The 7th Grade Experience This Year and Last


Graphic by author Elizabeth Jazo ’26

Elizabeth Jazo, Staff Writer

In the school year 2019-2020, I was a 6th grader. I know that the school year was a great deal different from any year I had ever experienced due to COVID-19. Now that I’m a 7th grader in the year 2020-2021, I’ve found a new understanding of intellect and camaraderie at Falmouth Academy. 

I was a student at Morse Pond (MP), a public school not too far from downtown Falmouth, for 5th and 6th grade. MP was populated with all of the school district’s 10, 11, and 12-year-olds. Unlike FA, I had a homeroom teacher and a team teacher, meaning that two teachers shared the same group of students and each teacher taught two subjects. For example, your homeroom teacher would teach Math and Science, while your team teacher taught English and History. A full class could have up to 50 students. That’s more than the entire Falmouth Academy 7th grade! Also, the school was divided into 6 letter days. For intense, on A day you’d have Music or on D day you’d have Gym. The homework overall was relaxed, and finding help was never an issue. The school work, similar to homework, was very laid back though still was much fun. Things drastically changed when the pandemic hit the United States. We were taught English and Math for 30 minutes each day via a zoom meeting. The school was mostly based on review because of the chaos COVID-19 brought. For example, we relearned the different parts of a story we had read and how to multiply fractions. Science and History were never brought up.

Falmouth Academy (FA) is a different tale. For 7th graders, we have been mostly in-person at school. Being in-person has made it a lot easier to have captivating and instructional classes. The school is almost normal if you don’t think about masks, direction arrows, social distancing, and other procedures. Finding people with similar interests has not been a problem within the grade either. I personally have had little trouble finding people to hang out with. And it does help that Mr. Patrick Kennedy and other class advisors are making activities to get to know each other.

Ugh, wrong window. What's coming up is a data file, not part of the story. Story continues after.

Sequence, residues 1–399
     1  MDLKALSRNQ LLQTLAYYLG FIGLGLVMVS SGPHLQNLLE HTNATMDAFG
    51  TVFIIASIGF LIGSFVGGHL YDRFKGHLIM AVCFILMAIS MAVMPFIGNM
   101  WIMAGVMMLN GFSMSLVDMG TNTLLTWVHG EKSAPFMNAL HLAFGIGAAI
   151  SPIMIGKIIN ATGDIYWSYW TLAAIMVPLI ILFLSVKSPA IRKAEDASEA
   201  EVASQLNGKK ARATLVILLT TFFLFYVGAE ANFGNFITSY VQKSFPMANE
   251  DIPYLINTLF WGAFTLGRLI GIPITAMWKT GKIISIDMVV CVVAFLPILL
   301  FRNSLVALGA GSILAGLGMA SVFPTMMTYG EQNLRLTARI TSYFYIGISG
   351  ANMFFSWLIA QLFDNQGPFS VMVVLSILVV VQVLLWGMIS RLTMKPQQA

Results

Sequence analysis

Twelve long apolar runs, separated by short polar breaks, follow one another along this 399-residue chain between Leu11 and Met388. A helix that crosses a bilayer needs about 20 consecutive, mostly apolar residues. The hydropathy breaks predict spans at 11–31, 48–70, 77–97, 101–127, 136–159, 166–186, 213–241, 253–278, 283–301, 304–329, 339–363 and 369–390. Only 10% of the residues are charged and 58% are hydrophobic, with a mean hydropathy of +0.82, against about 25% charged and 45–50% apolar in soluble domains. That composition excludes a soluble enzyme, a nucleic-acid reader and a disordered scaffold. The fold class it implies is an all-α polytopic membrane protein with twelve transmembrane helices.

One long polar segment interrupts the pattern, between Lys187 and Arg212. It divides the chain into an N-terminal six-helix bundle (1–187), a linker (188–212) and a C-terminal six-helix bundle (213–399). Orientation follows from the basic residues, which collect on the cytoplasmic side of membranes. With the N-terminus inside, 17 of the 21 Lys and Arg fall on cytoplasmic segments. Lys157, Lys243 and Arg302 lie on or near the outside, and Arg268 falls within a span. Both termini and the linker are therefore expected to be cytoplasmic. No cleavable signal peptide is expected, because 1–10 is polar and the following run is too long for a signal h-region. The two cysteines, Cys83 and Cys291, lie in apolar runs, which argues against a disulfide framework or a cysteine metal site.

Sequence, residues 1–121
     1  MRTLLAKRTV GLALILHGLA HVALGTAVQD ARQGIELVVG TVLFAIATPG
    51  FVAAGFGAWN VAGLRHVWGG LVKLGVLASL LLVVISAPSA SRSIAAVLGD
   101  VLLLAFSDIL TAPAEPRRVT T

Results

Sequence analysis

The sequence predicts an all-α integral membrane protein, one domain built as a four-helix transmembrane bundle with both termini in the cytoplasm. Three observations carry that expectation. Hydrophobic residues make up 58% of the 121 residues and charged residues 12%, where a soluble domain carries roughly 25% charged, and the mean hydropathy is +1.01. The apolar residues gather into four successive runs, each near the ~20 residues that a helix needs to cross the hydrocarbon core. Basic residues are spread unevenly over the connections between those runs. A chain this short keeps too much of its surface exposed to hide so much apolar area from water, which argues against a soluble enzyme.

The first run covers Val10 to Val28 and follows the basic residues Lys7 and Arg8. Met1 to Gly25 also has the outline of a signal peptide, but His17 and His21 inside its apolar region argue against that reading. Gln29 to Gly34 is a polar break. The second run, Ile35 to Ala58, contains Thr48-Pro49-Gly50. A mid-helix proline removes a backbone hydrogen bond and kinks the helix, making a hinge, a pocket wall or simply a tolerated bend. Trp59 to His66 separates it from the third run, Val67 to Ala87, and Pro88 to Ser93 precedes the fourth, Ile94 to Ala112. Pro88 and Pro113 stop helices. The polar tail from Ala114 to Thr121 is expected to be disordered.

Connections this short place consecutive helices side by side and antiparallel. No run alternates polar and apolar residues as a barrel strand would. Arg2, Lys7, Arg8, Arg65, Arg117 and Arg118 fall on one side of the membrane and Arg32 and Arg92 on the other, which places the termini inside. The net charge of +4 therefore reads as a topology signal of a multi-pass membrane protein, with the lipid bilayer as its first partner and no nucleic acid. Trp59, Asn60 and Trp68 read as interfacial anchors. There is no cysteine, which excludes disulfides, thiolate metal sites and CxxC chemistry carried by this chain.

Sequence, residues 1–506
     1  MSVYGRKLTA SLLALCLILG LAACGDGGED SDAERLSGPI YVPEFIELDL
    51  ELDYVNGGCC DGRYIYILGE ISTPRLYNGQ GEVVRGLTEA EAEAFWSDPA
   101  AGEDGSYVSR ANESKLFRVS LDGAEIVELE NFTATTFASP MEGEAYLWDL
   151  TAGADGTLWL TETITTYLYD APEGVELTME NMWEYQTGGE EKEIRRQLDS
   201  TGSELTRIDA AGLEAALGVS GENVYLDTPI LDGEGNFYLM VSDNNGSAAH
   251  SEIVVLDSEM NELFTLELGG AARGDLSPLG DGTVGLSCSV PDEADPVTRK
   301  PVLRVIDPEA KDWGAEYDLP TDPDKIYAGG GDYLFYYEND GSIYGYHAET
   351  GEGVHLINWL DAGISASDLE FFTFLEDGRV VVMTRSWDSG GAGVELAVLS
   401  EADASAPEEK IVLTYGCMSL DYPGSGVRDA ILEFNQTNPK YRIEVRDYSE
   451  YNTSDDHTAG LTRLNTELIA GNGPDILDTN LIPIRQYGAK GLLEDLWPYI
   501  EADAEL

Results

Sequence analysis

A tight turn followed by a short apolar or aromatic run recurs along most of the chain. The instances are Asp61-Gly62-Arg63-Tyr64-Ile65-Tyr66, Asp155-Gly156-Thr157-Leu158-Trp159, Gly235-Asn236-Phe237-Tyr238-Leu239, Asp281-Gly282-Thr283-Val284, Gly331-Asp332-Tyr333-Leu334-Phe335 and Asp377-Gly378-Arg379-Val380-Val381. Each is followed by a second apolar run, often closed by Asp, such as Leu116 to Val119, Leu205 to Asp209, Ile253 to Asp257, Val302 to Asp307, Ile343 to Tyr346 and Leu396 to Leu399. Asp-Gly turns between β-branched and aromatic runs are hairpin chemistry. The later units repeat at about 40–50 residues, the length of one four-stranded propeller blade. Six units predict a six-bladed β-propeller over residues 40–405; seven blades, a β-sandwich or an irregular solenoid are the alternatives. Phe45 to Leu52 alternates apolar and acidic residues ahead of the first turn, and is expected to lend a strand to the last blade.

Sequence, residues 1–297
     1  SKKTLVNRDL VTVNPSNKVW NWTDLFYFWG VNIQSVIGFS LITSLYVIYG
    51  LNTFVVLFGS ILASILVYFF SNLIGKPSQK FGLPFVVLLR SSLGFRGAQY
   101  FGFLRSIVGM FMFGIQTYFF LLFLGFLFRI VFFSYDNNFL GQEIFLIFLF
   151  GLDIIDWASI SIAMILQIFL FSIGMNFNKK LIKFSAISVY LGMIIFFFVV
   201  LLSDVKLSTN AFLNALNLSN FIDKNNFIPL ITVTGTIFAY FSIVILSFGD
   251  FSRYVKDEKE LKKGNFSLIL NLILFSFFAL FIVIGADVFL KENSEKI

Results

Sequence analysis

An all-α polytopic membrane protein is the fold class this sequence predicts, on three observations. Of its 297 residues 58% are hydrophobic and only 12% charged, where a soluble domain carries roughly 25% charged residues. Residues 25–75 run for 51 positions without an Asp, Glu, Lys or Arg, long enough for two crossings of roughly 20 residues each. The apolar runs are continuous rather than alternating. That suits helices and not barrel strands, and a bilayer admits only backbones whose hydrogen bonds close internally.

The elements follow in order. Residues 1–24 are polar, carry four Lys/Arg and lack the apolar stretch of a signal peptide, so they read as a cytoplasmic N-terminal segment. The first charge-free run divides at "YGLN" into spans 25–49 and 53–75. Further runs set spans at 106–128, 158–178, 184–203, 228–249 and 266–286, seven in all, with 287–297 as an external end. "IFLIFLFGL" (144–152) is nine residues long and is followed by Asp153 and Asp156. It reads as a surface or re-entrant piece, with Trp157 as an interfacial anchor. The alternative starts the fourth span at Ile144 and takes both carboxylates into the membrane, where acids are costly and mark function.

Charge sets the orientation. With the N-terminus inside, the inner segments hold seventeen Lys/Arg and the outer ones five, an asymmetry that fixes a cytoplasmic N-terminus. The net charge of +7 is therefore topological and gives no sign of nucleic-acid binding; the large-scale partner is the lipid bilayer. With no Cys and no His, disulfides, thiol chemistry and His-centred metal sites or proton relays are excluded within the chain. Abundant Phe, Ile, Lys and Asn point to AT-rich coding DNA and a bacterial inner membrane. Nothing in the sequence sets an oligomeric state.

“The 7th grade has not socialized like past the grades have. We are looking for solutions to find ways for kids to hang out and not worry about school,” said Mr. Patrick Kennedy, the 7th grade class advisors.

For example, the 7th grade had a movie night on November 10 at 5:30 pm. We watched Home Alone, and I feel I had a great time talking to everyone. In History class we made a Kahoot about ourselves that was used to help get to know each other. There were questions like “I have ___ siblings” and “What is my favorite color?” The winner of these Kahoots were usually friends with each other, but it was still a fantastic way to get to know peers. 

Another way to get to know each other would be the 15-minute mask breaks which as Cian Davis ’26 said, are great for “getting to talk to my friends who weren’t in my classes and socializing more with those who were.”  A lot of people at FA enjoy learning and creating, making this year has been wonderful even with the pandemic. However, there are rarely interactions between different grades this year. The aim here is to stop the coronavirus from spreading. This separation has both pros and cons. Pros: You get close to your grade, there are more people at your level to talk to. Cons: There is no older grade help, your friends are only in your grade, you don’t get an older or younger point of view, and you are not as comfortable talking to different ages.

I knew that FA had students from other middle schools attending and so I decided to investigate others’ experiences last spring. I interviewed Willow Wakefield ‘26 from Barnstable intermediate school and Joshua “Josh” McGuire ‘26 from Oak Ridge Elementary School to get a new understanding. I discovered that their experiences had similarities and differences with FA and Morse Pond. When I asked what their previous day-to-day schedule had been, Willow said it was “like the FA schedule but there was homeroom,” while Josh gave me his whole schedule top to bottom. The total number of kids in an Oak Ridge Elementary School class was 23; Barnstable intermediate school had 25 students per class. For Josh, homework was “30 minutes of paper homework and 30 minutes of reading,” which is nowhere near the amount you get a FA. Furthermore, I think all 7th graders and maybe the other grades can agree with Willow that last year was “absolutely horrible” because of the pandemic.